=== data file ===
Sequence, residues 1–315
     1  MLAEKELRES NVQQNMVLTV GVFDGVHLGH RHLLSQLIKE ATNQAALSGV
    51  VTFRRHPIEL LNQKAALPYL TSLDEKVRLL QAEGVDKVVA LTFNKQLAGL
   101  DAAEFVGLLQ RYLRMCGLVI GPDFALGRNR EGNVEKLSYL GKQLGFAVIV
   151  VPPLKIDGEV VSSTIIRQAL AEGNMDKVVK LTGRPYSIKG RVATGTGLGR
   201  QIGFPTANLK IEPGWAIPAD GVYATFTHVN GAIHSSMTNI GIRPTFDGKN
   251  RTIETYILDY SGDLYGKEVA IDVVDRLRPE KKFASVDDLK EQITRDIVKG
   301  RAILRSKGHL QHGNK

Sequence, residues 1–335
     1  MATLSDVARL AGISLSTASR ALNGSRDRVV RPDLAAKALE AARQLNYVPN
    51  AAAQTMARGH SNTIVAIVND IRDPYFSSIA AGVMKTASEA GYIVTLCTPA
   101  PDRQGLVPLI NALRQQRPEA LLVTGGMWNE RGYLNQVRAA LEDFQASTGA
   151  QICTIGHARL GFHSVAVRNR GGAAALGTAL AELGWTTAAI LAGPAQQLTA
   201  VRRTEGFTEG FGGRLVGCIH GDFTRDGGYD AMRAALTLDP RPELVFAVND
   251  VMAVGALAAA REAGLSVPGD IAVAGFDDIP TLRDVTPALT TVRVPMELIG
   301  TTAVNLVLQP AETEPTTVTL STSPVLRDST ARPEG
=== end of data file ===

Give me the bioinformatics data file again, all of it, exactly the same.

Sequence, residues 1–315
     1  MLAEKELRES NVQQNMVLTV GVFDGVHLGH RHLLSQLIKE ATNQAALSGV
    51  VTFRRHPIEL LNQKAALPYL TSLDEKVRLL QAEGVDKVVA LTFNKQLAGL
   101  DAAEFVGLLQ RYLRMCGLVI GPDFALGRNR EGNVEKLSYL GKQLGFAVIV
   151  VPPLKIDGEV VSSTIIRQAL AEGNMDKVVK LTGRPYSIKG RVATGTGLGR
   201  QIGFPTANLK IEPGWAIPAD GVYATFTHVN GAIHSSMTNI GIRPTFDGKN
   251  RTIETYILDY SGDLYGKEVA IDVVDRLRPE KKFASVDDLK EQITRDIVKG
   301  RAILRSKGHL QHGNK

Sequence, residues 1–335
     1  MATLSDVARL AGISLSTASR ALNGSRDRVV RPDLAAKALE AARQLNYVPN
    51  AAAQTMARGH SNTIVAIVND IRDPYFSSIA AGVMKTASEA GYIVTLCTPA
   101  PDRQGLVPLI NALRQQRPEA LLVTGGMWNE RGYLNQVRAA LEDFQASTGA
   151  QICTIGHARL GFHSVAVRNR GGAAALGTAL AELGWTTAAI LAGPAQQLTA
   201  VRRTEGFTEG FGGRLVGCIH GDFTRDGGYD AMRAALTLDP RPELVFAVND
   251  VMAVGALAAA REAGLSVPGD IAVAGFDDIP TLRDVTPALT TVRVPMELIG
   301  TTAVNLVLQP AETEPTTVTL STSPVLRDST ARPEG